The human papillomavirus (HPV) is a common virus that can cause six types of cancer (cervical, vaginal, vulvar, anal, penile, and oropharyngeal).
In the U.S., 80% of people will contract HPV and 10% will develop chronicity, putting them at high risk for HPV-associated cancers.
HPV infection causes 34,800 cases of cancer in U.S. men and women annually. Approximately 10% of these cancers occur among California residents.
In 2016, oropharyngeal cancer was the most common HPV-associated cancer nationally and in California, where there were 1875 new cases compared to 1495 new cervical cancer cases.
Oropharyngeal cancer in men has steadily increased by an average of 1.9% per year over the past nine years (2008-2017) in California. Currently, cervical cancer is the only HPV-associated cancer for which screening is recommended.
Fortunately, the HPV vaccine prevents over 90% of HPV-associated cancers. This safe and effective vaccine was first introduced in the U.S. in 2006, but HPV vaccination rates still lag behind those of other pre-teen vaccines.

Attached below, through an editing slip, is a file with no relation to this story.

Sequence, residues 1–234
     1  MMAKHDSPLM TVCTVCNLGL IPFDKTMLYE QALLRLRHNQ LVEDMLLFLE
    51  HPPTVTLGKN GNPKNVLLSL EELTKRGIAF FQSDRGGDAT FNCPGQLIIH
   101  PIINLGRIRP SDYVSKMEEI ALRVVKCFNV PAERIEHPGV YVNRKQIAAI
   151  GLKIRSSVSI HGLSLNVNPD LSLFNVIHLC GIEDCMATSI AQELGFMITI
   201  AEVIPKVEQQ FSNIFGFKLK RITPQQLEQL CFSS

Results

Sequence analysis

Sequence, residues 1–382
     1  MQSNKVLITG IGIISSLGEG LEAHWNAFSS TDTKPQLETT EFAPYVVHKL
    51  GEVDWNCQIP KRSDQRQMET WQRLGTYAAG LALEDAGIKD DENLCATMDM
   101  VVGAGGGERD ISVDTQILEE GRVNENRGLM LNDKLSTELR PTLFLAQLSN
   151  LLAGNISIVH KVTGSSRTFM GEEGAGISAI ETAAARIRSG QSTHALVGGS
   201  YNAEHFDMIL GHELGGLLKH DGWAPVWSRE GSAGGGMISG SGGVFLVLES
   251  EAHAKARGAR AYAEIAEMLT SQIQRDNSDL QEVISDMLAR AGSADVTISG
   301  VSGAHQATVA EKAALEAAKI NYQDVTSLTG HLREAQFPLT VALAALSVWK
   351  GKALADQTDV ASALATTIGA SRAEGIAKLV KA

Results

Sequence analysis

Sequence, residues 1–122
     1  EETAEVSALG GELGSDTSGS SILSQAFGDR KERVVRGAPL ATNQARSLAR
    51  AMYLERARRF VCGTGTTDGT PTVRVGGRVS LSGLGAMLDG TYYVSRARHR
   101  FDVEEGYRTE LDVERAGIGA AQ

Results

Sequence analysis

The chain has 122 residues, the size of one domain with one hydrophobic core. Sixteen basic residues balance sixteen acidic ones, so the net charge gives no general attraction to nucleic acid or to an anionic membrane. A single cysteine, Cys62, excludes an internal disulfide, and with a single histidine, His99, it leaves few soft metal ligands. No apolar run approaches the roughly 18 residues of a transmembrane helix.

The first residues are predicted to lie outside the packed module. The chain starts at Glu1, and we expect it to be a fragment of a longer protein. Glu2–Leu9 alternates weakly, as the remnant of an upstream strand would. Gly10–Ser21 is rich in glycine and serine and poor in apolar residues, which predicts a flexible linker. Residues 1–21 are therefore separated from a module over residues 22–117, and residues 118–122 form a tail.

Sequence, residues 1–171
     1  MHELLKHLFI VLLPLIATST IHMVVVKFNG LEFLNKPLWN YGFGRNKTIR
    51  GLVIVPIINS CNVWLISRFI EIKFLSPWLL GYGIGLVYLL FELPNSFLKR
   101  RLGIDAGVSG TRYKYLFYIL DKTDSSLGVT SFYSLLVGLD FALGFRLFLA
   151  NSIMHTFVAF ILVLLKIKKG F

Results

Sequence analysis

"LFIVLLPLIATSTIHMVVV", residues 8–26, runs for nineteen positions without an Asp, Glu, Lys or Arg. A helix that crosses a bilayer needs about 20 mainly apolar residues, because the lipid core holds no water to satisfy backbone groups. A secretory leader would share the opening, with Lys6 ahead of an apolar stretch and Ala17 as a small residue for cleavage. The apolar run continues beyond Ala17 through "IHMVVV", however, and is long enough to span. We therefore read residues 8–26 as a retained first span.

California ranks number 13 in HPV vaccination rates among U.S. states, according to the National Immunization Survey - Teen (2018).
There is still much room for improvement as 73% of California adolescents have started the series, but only 53% have completed it. Thus, over one million California teens are unprotected against future HPV-associated cancers.
Increasing HPV vaccination is important for decreasing the number of HPV-associated cancers every year.
Some evidence-based recommendations include:
In October 2018, the California HPV Vaccination Roundtable, co-founded by the ACS and the CDOC, was launched to carry out these recommendations to increase by HPV vaccination rate by 80% by 2026.